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Tuesday, March 18, 2014

Show AND Tell

We all have heard the saying “Show don’t tell”, and we all know showing is good. When you show, you are creating a vivid image in your reader’s mind for what is happening in your book. I admit it, sometimes I tell when I should show (I'm not perfect), but the rule "show don't tell" shouldn't be taken too literally all of the time.

Let me explain.

If you only show you will have a book full of lengthy descriptions and too many details that will overwhelm your readers. I once read a book, which I loved, that showed the character shopping for EVERYTHING she lost due to a house fire. This happened right after the climax and it made me skip whole paragraphs out of annoyance. I wanted to read the end, not read about the heroine's shopping spree! On the other hand, if you only tell, you will have an informative story that will probably bore your readers to pieces. So the best strategy is to show and tell when appropriate.


Show action.

Show your character’s passion and feelings.

Show scenery and visuals.

Tell information and facts.

Tell minor details.

Tell when you need to summarize a previous event.

In other words, show the entertaining parts that can engage a reader, and tell the less entertaining parts your readers just need to know. The key to showing AND telling is not to be excessive with either option, but to find a balance.


3 Tips to help you show:
#1: Close your eyes and picture exactly how you want an event to unfold as if you are watching a movie. Open your eyes and write everything you saw so you can show it to your readers. 
#2: Be specific. 
#3: Use the 5 senses: see, hear, taste, smell, and touch. 

SHARE: Your tips for SHOWING in writing.


QUESTION: Do you believe in “Show, Don’t Tell”, or do you think “Show AND Tell” is a better strategy?


10 comments:

  1. Couldn't agree more. I don't need to see mundane details. I'd much prefer a brief telling line in place of them or, like you, I'll start skimming. But most of the time, showing is the better option.

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    1. Thank you, Kelly. And of course, I agree with you. :D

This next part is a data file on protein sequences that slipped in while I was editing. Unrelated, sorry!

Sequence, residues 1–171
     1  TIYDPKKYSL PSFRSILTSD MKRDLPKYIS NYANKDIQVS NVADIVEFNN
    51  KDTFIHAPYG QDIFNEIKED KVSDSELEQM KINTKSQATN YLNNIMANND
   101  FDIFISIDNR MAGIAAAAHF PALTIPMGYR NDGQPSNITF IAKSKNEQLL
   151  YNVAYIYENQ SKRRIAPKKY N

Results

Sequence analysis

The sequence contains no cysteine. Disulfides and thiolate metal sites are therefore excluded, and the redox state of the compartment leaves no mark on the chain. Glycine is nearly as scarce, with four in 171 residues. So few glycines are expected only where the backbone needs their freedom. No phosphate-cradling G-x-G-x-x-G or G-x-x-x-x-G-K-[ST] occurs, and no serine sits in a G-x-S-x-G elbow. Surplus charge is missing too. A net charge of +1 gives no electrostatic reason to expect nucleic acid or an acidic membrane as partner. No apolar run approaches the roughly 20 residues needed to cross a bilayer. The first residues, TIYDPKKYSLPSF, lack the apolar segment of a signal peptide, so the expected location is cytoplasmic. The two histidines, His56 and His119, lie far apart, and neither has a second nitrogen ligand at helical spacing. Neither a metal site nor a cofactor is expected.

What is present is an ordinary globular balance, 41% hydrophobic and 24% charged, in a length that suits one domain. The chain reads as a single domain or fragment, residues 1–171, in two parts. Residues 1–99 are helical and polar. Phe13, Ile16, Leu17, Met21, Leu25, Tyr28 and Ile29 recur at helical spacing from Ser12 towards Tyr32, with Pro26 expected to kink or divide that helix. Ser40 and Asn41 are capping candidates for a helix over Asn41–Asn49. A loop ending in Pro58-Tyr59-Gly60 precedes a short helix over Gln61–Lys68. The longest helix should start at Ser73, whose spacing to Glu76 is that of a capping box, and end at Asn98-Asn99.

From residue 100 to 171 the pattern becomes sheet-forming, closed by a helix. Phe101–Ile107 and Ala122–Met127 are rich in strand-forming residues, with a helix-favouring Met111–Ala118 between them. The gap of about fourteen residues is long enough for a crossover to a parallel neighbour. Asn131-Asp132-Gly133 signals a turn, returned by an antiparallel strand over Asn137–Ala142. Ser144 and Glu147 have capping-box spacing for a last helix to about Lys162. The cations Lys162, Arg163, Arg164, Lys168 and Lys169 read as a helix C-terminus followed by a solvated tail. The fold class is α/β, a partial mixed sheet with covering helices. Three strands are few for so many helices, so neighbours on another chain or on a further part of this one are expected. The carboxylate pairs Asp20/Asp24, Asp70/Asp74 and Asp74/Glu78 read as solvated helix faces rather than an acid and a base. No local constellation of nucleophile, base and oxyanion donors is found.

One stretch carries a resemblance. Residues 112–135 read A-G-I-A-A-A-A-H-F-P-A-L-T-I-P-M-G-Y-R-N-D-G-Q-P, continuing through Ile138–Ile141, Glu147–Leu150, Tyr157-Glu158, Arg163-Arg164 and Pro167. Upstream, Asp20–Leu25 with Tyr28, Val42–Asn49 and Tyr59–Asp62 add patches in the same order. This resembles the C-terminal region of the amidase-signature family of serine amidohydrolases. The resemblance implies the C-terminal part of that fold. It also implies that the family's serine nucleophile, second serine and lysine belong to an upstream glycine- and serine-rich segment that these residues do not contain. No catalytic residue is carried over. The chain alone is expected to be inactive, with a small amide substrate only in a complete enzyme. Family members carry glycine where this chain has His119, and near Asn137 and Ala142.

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  2. Hi, Chrys,

    I'm so glad you posted this! I am a firm believer in Show and Tell... It is all about the balance. I hate when editors or Betas preach about "you're telling too much..." And in all honesty I'm not. I like a little narration. It's very important to a story! After all we are "TELLING" a story... right?

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    1. Thank you, Michael! I recently had a beta reader who pointed out a couple of moments when I was telling, and I became slightly aggravated because during those times I HAD to tell. People act like you can't tell at all but, just like you said, we're telling a story, and not everything, all the time, has to be showing.

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  3. Great post, Chrys. I do the #3 tip quite often. I go through the list of senses and see what I'm covering in each scene. I don't do them all with every description, but try to put at least 3 (alternating the ones I use from scene-to-scene).

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    1. Thanks, E.J.! Using the senses is a great way to show and to be more vivid. I like your technique of alternating them from scene-to-scene. :)

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  4. I definitely think it depends on the scene but I think showing has more value to the reader than simply telling. As you mentioned above, I feel that one of the best ways to do this is to close your eyes (as the writer) and just visualize the action or surroundings you want your reader to envision. He/she might not have the same perceptions as you do but that is the beauty in simply leading through vivid descriptions or dialogue. This enables the reader to think freely but somewhat picture the world you are creating for them in your head. Great thoughts here, as usual Chrys! Can always count on your posts for incredible help and advice=)

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    1. It certainly does depend on the scene if more showing or telling is needed. I agree that showing is more valuable, but I believe a balance of some sort is important for the overall story.

      Thank you, Gina. :)

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  5. Thanks for the tips Chris. I often have dreams that would serve as great inspiration for showing details, if only I could remember the details, so I really like the idea about closing your eyes. I agree though that showing and not telling is not a hard and fast rule. I have read a lot of books on creative non-fiction, for example some excellent ones by Philip Lopate, and am convinced that sometimes it's better to transition and avoid boring the reader by telling for a line or so.

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    1. You're welcome, Carol! You're right, telling every now and then to break up the showing isn't going to hurt a story, but make it better for the reader.

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